Please use this identifier to cite or link to this item: https://hdl.handle.net/2440/114700
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Type: Journal article
Title: Fertility-related knowledge and information-seeking behaviour among people of reproductive age: a qualitative study
Author: Hammarberg, K.
Zosel, R.
Comoy, C.
Robertson, S.
Holden, C.
Deeks, M.
Johnson, L.
Citation: Human Fertility: an international, multidisciplinary journal dedicated to furthering research and promoting good practice, 2017; 20(2):88-95
Publisher: Taylor & Francis
Issue Date: 2017
ISSN: 1464-7273
1742-8149
Statement of
Responsibility: 
Karin Hammarberg, Rebecca Zosel, Caroline Comoy, Sarah Robertson, Carol Holden, Mandy Deeks and Louise Johnson
Abstract: Some potentially modifiable factors adversely affect fertility and pregnancy health. To inform a fertility health promotion programme, this study investigated fertility knowledge and information-seeking behaviour among people of reproductive age. This was a qualitative study involving six focus group discussions with women and men who intended to have children in the future and eight paired interviews with couples who were actively trying to conceive. Participants (n = 74) themselves generally claimed 'low' to 'average' levels of knowledge about fertility. Most of them overestimated women's reproductive lifespan and had limited knowledge about the 'fertile window' of the menstrual cycle. The Internet was a common source of fertility-related information and social media was viewed as a potential effective avenue for dissemination of messages about fertility and how to protect it. Most participants agreed that primary health care providers, such as general practitioners (GPs), are well placed to provide information regarding fertility and pregnancy health. This study identified several gaps in knowledge among people of reproductive age about factors that influence fertility and pregnancy health negatively. Addressing these knowledge gaps in school curricula, primary care and health promotion would assist people to realize their reproductive goals and reduce the risk of infertility and adverse obstetric outcomes.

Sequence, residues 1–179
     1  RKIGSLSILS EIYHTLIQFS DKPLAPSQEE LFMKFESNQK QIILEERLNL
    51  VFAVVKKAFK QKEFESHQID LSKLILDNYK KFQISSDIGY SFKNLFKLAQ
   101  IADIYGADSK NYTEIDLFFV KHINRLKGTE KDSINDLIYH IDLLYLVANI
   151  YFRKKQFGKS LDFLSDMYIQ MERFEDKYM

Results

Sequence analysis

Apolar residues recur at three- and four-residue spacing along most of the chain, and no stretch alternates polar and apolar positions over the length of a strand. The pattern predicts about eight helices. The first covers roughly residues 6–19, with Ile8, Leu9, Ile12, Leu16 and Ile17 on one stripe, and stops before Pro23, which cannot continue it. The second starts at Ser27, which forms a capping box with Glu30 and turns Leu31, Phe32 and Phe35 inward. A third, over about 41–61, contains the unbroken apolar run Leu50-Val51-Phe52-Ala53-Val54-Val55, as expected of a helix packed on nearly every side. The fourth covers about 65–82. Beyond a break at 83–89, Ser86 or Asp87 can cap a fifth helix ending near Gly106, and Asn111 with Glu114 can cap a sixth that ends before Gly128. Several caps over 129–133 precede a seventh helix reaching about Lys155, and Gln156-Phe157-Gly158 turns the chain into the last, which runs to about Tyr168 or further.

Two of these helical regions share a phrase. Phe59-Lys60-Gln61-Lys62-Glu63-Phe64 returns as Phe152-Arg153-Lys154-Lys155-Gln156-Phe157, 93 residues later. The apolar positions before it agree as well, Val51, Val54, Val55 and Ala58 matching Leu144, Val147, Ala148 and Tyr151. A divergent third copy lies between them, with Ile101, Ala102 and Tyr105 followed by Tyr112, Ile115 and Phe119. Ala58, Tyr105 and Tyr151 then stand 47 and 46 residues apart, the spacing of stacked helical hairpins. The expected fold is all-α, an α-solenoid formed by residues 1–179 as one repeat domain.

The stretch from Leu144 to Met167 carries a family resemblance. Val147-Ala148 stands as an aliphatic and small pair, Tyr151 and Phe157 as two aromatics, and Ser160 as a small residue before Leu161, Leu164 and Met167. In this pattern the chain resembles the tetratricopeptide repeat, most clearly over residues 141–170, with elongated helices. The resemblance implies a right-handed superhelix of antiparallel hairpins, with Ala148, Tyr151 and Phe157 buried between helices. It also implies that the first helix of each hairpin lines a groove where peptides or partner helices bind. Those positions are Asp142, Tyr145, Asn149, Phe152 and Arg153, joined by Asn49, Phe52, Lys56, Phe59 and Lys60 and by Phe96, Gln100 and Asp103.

Keywords: Fertility
fertility awareness
health promotion
pregnancy health
Rights: © 2016 The British Fertility Society
DOI: 10.1080/14647273.2016.1245447
Appears in Collections:Aurora harvest 8
Paediatrics publications

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